News Story

State Income Tax Used For Giving Benefits To Low Income Residents

Checks go out for home heating credits, earned income credits, rent and property tax credits

Nearly one out of every six people who filed an income tax return in Michigan in 2015 ended up getting checks back that were mostly social welfare benefits paid to lower-income workers through the tax system, not tax refunds.

A key program for distributing the benefits is the Earned Income Tax Credit. A state Department of Treasury report indicates that of 4.7 million personal income tax returns filed in 2015, 756,900 claimed EITC benefits. The total amount paid to these households under this program was $109.5 million.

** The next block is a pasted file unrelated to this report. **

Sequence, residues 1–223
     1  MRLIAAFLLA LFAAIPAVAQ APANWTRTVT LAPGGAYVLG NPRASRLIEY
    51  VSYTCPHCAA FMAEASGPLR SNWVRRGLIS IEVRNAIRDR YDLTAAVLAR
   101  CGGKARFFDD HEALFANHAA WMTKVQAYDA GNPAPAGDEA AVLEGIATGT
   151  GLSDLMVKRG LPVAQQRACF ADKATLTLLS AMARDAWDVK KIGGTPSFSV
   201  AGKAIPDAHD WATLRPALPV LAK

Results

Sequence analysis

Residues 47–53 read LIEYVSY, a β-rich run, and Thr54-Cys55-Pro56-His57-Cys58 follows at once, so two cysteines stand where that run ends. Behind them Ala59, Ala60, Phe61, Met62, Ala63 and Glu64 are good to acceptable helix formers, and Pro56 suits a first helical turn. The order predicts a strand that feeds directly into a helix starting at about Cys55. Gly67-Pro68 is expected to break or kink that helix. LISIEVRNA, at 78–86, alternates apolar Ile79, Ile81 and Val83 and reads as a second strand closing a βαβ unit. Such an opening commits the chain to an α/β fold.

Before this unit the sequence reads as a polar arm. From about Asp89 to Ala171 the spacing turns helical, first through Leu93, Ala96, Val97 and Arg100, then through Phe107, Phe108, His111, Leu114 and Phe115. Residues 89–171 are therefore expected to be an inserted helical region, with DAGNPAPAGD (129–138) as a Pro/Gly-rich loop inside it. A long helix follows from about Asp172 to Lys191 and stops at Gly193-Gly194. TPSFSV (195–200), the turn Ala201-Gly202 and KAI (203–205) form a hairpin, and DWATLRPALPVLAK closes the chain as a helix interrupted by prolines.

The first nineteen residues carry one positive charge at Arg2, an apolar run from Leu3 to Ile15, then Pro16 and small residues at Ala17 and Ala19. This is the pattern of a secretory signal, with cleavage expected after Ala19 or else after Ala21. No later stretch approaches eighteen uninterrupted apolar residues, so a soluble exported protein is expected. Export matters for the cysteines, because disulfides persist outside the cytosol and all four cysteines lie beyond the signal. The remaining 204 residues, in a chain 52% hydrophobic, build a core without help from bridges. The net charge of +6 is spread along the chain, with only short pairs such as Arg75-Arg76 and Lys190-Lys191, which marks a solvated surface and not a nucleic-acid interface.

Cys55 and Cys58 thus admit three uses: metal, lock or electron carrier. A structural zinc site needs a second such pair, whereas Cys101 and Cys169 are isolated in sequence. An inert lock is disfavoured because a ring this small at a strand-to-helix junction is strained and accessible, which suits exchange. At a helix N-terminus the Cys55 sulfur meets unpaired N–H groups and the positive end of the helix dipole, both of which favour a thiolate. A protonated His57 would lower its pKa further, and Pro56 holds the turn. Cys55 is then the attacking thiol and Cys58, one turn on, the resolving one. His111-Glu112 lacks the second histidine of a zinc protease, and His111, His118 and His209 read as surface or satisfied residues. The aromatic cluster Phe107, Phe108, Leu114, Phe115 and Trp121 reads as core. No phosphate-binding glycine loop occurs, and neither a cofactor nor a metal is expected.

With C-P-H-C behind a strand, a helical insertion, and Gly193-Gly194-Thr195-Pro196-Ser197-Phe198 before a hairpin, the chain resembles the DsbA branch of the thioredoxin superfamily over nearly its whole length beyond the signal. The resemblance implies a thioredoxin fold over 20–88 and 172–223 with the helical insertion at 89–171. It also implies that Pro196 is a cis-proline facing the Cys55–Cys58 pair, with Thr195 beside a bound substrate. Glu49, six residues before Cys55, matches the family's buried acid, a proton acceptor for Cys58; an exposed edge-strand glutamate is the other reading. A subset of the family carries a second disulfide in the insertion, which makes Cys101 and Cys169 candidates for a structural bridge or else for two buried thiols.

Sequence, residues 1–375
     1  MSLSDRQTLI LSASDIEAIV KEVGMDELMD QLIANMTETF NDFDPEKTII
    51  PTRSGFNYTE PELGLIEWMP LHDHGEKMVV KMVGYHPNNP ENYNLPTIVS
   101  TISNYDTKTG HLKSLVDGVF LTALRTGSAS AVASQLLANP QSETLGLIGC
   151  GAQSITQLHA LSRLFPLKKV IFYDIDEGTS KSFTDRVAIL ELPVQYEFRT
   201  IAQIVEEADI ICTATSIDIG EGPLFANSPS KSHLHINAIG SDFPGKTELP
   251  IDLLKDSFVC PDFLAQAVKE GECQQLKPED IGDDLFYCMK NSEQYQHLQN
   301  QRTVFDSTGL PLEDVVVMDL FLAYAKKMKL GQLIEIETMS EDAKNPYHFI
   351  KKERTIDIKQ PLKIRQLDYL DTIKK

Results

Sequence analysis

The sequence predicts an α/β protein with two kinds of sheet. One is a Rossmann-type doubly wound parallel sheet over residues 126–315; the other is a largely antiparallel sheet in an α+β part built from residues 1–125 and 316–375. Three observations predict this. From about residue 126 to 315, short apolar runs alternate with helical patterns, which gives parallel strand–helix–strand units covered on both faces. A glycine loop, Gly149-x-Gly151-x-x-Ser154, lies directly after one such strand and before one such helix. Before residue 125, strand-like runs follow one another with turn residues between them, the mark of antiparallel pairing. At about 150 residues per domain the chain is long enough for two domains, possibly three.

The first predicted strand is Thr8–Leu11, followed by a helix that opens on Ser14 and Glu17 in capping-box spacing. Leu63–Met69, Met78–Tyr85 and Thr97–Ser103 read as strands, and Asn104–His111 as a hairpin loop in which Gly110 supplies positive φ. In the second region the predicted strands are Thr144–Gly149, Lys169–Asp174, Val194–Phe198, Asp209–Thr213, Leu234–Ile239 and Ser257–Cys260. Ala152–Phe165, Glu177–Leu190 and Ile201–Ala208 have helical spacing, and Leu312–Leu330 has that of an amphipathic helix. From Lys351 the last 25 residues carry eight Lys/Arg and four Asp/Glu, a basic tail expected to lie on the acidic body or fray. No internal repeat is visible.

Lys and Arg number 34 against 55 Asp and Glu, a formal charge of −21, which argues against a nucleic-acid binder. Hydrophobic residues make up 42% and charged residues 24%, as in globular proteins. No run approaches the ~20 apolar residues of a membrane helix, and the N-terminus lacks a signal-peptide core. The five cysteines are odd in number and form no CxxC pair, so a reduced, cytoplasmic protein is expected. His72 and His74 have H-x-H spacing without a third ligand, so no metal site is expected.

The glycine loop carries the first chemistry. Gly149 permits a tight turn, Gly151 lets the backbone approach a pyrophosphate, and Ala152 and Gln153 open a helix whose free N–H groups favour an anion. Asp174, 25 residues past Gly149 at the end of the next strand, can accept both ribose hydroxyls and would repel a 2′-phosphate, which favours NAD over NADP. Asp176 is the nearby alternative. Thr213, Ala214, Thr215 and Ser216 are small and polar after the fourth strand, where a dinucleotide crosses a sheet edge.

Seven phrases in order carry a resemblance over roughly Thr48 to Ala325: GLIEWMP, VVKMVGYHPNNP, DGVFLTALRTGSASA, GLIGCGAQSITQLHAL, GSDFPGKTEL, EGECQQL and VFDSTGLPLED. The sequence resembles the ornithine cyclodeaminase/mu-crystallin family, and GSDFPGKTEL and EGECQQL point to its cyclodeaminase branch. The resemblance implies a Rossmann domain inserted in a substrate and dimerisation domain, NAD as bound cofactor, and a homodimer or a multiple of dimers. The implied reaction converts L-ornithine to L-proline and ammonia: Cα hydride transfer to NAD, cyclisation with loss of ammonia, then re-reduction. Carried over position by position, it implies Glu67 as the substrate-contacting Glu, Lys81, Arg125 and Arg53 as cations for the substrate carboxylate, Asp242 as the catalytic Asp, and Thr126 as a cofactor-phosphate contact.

According to the IRS, the Earned Income Tax Credit, is "a benefit for working people with low to moderate income. To qualify, you must meet certain requirements and file a tax return, even if you do not owe any tax or are not required to file. EITC reduces the amount of tax you owe and may give you a refund."

Another $45.4 million was paid through a low-income home heating credit program. Low-income households that claimed a Homestead Property Tax Credit also benefitted more from this program than eligible higher income households. The credit can also be claimed by renters.

The report found that people with an adjusted gross income of $16,000 or less accounted for 1.38 million personal income tax returns, or 29.2 percent of all those filed. As a group, they received $198 million more back than they paid.

In 2015 the state netted $8 billion in total income tax revenue. This was $589.7 million more than in 2014, a 7.9 percent increase according to the report.